Seeing the Ponies
It may come as quite a surprise to learn that finding and viewing the famed wild horses takes almost no effort, especially on the Maryland side of the island, where the ponies have free reign. In fact, you'll probably have to stop for a few begging ponies along the side of the road as you enter. (For your own safety, that of the ponies, and that of your car, roll up your windows and do not feed them.) When you're camping, you may hear a pack of horses stroll by your tent in the middle of the night or see the telltale signs in the morning. For a more picturesque setting, stop by the beach in the evening after the crowds have left when the ponies roam the beach. Tip: Visitors have a free chance to take a drive and pull over to watch the ponies or deer along 2 miles of Bayberry Drive between the state and national park entrances. Bikers are welcome, too.
In Virginia, the ponies are less accessible; you can generally see them -- often in the distance -- along the paved road called the Wildlife Tour, in the fenced marshes south of Beach Road, and from the observation platform on the Woodland Trail.
The annual Pony Penning and Auction, a unique exercise in population control, is held on Chincoteague Island, a barrier island adjoining Assateague, on the last Wednesday and Thursday of July. The Chincoteague "cowboys" round up the Virginia herd on Wednesday, and thousands of spectators watch as the horses swim from Assateague to Chincoteague, where the foals are auctioned off the next day. Campsites and hotel rooms (only available on Chincoteague and the mainland) fill up fast, so reserve well in advance. If you're staying in Ocean City, get up before dawn and drive the 60 miles to Chincoteague. You'll make it in time for the pony swim and be back in O.C. for dinner.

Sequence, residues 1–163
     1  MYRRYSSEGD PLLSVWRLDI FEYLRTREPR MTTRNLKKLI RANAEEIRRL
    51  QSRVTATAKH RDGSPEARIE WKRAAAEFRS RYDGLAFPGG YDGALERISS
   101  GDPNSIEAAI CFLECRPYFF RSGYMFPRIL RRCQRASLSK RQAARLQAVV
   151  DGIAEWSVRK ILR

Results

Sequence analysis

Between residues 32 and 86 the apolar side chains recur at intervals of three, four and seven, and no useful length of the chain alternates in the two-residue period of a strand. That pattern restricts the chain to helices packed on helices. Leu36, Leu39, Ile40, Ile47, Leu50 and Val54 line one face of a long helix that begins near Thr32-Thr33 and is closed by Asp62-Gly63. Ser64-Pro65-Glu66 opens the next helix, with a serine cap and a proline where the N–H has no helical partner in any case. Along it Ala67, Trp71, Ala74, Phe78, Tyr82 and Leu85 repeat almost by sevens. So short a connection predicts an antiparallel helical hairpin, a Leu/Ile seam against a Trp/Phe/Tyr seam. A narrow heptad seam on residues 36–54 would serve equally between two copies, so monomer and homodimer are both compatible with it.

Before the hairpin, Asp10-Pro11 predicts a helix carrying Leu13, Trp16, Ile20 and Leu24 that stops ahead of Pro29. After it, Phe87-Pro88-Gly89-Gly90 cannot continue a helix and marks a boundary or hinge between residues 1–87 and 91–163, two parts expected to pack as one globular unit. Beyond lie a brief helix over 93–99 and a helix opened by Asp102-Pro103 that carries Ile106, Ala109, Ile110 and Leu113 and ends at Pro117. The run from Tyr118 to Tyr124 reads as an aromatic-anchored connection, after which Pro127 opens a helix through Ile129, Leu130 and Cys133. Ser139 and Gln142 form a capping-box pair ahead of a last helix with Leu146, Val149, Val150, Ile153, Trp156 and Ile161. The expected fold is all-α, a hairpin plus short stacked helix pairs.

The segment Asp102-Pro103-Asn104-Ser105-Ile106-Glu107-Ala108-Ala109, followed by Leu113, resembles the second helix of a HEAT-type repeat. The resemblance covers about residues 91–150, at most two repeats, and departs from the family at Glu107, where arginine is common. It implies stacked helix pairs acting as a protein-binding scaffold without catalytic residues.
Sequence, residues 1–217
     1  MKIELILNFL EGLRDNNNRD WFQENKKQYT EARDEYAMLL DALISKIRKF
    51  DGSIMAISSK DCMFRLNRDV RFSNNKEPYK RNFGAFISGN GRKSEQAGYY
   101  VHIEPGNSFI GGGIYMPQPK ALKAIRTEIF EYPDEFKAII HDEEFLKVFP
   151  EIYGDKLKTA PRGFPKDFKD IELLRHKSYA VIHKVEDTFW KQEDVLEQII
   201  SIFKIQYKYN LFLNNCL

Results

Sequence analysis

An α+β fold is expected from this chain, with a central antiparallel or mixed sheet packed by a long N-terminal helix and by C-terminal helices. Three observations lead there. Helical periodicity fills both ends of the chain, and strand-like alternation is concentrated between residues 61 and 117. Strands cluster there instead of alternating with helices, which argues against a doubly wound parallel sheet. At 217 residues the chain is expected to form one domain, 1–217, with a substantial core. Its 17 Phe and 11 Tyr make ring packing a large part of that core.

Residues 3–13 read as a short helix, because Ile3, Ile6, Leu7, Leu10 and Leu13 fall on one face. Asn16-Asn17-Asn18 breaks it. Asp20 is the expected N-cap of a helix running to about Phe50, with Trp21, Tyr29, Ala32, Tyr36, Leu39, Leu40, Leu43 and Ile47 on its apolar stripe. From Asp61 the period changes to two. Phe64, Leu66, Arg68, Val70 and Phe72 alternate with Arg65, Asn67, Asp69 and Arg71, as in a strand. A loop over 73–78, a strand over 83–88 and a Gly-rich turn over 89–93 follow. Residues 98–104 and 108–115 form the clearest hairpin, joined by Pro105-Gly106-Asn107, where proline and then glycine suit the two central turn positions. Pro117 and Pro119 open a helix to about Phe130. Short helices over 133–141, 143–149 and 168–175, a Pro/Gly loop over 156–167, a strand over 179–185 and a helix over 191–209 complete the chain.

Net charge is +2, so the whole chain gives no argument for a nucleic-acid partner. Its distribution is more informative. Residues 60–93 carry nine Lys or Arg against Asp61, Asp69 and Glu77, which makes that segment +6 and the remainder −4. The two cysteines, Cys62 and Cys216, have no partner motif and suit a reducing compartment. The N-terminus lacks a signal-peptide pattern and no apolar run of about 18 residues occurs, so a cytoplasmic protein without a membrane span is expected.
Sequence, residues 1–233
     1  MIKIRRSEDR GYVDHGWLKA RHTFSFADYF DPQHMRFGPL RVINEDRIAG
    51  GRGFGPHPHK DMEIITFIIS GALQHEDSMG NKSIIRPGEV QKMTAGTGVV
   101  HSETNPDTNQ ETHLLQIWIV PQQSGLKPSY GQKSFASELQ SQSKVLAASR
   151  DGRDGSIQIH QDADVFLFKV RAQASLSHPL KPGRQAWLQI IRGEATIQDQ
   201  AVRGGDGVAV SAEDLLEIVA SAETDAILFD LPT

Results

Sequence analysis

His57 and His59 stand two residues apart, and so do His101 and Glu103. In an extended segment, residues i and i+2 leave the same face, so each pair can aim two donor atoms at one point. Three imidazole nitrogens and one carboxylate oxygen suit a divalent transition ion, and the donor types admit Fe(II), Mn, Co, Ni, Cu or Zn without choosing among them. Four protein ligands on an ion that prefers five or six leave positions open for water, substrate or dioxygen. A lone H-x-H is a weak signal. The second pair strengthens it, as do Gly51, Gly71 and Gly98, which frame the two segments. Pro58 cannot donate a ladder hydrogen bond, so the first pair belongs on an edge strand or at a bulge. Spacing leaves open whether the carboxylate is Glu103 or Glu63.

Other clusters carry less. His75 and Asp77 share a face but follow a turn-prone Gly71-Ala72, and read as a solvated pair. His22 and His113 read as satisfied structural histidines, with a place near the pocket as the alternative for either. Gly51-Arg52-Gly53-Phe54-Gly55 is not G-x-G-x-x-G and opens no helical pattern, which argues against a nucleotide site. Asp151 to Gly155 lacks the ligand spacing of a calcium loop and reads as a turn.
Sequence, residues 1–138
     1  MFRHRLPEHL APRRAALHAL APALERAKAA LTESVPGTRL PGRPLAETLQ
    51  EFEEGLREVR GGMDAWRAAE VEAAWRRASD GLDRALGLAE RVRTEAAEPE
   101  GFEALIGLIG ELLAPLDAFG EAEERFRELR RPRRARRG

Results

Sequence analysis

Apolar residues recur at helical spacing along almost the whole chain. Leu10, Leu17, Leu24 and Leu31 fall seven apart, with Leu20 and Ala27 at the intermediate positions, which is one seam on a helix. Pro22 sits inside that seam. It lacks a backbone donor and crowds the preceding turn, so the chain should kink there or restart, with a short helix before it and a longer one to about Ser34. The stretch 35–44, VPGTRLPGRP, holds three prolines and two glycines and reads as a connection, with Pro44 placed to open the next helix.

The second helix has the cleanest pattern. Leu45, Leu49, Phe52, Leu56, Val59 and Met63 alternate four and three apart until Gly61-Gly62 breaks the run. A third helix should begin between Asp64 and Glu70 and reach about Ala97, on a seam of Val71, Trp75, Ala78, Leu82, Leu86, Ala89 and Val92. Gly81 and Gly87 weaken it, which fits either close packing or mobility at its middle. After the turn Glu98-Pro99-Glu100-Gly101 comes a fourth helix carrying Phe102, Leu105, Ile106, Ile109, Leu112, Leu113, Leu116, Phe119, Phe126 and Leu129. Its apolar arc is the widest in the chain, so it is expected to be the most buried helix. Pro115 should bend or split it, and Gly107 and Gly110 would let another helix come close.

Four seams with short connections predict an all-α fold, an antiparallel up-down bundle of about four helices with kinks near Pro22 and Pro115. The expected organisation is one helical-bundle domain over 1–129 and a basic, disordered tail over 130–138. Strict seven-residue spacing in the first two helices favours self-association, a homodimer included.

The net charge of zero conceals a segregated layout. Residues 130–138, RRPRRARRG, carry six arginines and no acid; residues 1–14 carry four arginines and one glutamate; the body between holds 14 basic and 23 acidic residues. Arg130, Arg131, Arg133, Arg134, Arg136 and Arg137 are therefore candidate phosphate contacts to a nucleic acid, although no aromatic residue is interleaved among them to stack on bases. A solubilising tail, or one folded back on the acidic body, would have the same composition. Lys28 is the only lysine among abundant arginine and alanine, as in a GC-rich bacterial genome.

Although it's exciting to see the ponies swim across the channel, be aware that tens of thousands of people come to witness the annual event. You may only see the ponies as tiny dots as you wait along the shore shoulder-to-shoulder with hundreds of new friends. Traffic on the small island is almost too much to handle.
Don't Horse Around with the Ponies -- When you see the horses, remember: They are wild. Do not be fooled by their gentle appearance and willingness to approach you and your car looking for handouts. The ponies are prone to unpredictable behavior -- and they will bite and kick -- so do not attempt to feed or pet them. Also, please drive carefully; at least one pony a year is hit and killed by a car.
Note: This information was accurate when it was published, but can change without notice. Please be sure to confirm all rates and details directly with the companies in question before planning your trip.